Do I dare use the "F" word... as in "Finished"? I'd have to say almost. I need to have the top fitted but other than that I feel like I can call the Cobra finished now that all the carpet and trim pieces are in. Wendi and I drove it to a car show here in town tonight and it did great. I'm planning to drive it to Nebraska to visit a friend next weekend so that will be the real test. The only issue was more engine heat in the interior than we'd have liked. Luckily the floor carpet is removable so I can easily add some kind of insulation.
Going back to the transmission project, it is now working well. I haven't tried hard to get it to slip out of 2nd gear but I'm confident that at least is fixed. The shift rail kit I got from David Kee did not work however. When I read their website I got the impression that their shift rail kit could be used in any top loader. Their kit is for a '65 transmission and mine is a '68 (type 3 shift rail setup as shown on their website). When I assembled the transmission with the '65 shift rail kit with the hatchet style detents on either side of the interlock pin, the transmission will not shift into reverse. I tried everything I could think of, my conclusion is that you really can't use this shift rail kit in my case. I'm still waiting to hear back from David Kee. I ended up putting my old shift rails and detents back in.
I also finished the carpet and interior trim. It really looks a lot nicer.
July 2nd, 2005
This week I worked on exhaust leaks. I believe they were messing up my new tool http://www.innovatemotorsports.com/products/lm1.php My initial testing of it showed lean which was inconsistent with the chassis dyno and all the black soot everywhere. I replaced the header gaskets with Felpro 1442. I put preformed band clamps on either side of each muffler, and I put some exhaust goo called "Yale Automotive Iron Reinforced Muffler Cement" in the joints on each tail pipe. All the locations showed evidence of leakage so hopefully I have at least improved it some.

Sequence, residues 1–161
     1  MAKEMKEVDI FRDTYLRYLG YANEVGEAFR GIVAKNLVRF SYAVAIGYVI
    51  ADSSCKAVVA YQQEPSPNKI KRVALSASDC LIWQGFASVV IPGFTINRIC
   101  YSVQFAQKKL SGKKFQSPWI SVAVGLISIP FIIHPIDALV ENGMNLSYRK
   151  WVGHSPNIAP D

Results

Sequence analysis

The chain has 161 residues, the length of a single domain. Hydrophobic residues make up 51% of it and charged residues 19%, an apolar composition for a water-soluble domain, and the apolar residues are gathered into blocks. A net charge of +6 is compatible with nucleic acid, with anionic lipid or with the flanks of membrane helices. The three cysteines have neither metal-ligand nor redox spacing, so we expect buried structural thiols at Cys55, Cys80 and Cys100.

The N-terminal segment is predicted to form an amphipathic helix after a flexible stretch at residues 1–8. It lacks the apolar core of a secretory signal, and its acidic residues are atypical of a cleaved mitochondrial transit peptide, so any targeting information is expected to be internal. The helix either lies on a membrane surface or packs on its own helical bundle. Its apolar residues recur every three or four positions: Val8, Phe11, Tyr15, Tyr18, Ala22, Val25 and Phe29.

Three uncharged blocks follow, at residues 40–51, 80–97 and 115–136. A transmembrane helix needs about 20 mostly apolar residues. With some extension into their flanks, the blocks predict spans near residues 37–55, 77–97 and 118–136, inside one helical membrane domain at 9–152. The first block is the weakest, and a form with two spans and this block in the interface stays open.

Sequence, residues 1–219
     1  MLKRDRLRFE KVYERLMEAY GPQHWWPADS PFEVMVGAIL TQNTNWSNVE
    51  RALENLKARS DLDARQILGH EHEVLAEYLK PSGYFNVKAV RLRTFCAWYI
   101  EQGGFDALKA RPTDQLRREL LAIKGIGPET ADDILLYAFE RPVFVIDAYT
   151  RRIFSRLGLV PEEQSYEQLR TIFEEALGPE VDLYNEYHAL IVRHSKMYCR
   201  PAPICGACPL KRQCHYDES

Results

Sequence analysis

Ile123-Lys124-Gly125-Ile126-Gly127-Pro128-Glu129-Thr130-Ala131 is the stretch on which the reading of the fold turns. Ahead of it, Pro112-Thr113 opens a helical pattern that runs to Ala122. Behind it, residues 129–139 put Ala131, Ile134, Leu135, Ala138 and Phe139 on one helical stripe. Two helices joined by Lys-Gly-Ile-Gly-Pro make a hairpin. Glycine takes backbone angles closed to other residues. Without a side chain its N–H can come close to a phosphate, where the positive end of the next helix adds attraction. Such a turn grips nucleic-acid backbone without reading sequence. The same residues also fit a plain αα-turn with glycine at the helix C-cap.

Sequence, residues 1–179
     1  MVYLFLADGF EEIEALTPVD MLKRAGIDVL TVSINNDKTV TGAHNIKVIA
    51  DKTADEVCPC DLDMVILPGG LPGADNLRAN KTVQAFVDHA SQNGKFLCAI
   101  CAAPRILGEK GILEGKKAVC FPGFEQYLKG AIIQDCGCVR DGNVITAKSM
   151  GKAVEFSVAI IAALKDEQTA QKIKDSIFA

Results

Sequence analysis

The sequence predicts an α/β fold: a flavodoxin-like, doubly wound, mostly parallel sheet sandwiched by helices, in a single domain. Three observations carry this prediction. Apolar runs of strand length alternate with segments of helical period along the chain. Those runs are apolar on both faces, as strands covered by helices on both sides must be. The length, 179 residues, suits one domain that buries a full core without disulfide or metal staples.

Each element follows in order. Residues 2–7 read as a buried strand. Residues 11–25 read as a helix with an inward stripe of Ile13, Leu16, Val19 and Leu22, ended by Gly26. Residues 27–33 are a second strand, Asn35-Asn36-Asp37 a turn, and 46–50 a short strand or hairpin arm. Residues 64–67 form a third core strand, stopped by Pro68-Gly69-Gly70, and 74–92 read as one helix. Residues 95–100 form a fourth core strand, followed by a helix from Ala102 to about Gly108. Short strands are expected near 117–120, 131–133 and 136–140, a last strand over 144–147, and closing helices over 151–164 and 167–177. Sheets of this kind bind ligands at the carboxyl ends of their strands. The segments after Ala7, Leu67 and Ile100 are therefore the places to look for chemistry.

I also installed an anti-dieseling solenoid on the carburetor. This is a little electric solenoid that is energized when the switch is on. It becomes the idle adjustment so that when you shut off the engine the throttle plates close preventing run-on. I have such a high idle with this cam that I needed to do it. Seems to work okay so far. I used holley parts 46-74, 20-47, and 26-57. I had to drill and tap larger two existing holes in the carburetor base plate. (Update: it appears I ordered the wrong bracket. I should have gotten 20-9 instead of 20-47. I don't think I would have had to drill and tap my base place if I had gotten the right one.)
Hopefully now that the exhaust leaks are fixed I can get the LM-1 to work and can do some serious tuning of the carburetor.
September 16th, 2005
It's been a while since I updated this page. Since then I've done a little carb tuning and been driving the car some. Wendi and I have gone on a couple of driving dates which were really fun. After the last of these I noticed a problem getting worse, the clutch was beginning to drag. I went on to adjust the clutch and bleed the slave cylinder and made no progress. It was so bad when you'd rev it to 4000 in 1st gear (with the clutch in) it would pull ahead like you were feathering the clutch. I scratched my head for a while but then remembered reports I had been hearing of people (mostly with cobras) having trouble shifting with the Centerforce clutch. I check with one guy and he said taking the weights off solved a similar problem for him so I decided to try it. The Centerforce clutch I used is based on a standard clutch to which they add these sliding weights that help clamping at high RPM. My theory being that these weights were also deforming the clutch fingers at idle and higher RPMs and causing the clutch to not disengage as far as it normally would. So I tore it all down and removed the offending weights. It was pretty easy to do, I found I could accomplish it with the clutch and bellhousing still on the motor. I first pried off the outer ring, then cut the inner ring that all the weights were threaded on. The weights then came off easily, infact many of them fell out. You'll want to carefully count and find them all. If I had it to do over, I would have put a towel inside the clutch to keep them out, some fell down in there and were fun to work out. BTW, my clutch had exactly 18 of the little weights. I tested it this morning after I finished up putting the transmission back in, and it is 100% better. I admit I feel a bit scammed by Centerforce at this point. But it is possible that the ERA clutch setup has sort of marginal disengagement in the first place. And ERA doesn't recommend a heavy duty clutch because it's such a light car. I was pleased to fix the problem for free, but I could have gotten by with a standard clutch in the first place.
Below is the clutch as installed showing the weights, and the pile of parts I removed.
October 11th, 2005
Last weekend I took the cobra on it's longest road trip ever. Everything has been working well on it since the clutch mod that I thought it would be a good chance for one last trip before winter. I have a friend in Lincoln, Nebraska that has many collector cars which he tries to at least start each year to keep them in good condition. This year I invited myself up to help, and since he hadn't seen the cobra in person yet it seemed like a good opportunity. Lincoln is about 200 miles from here so it would be a good chance for a test of the car.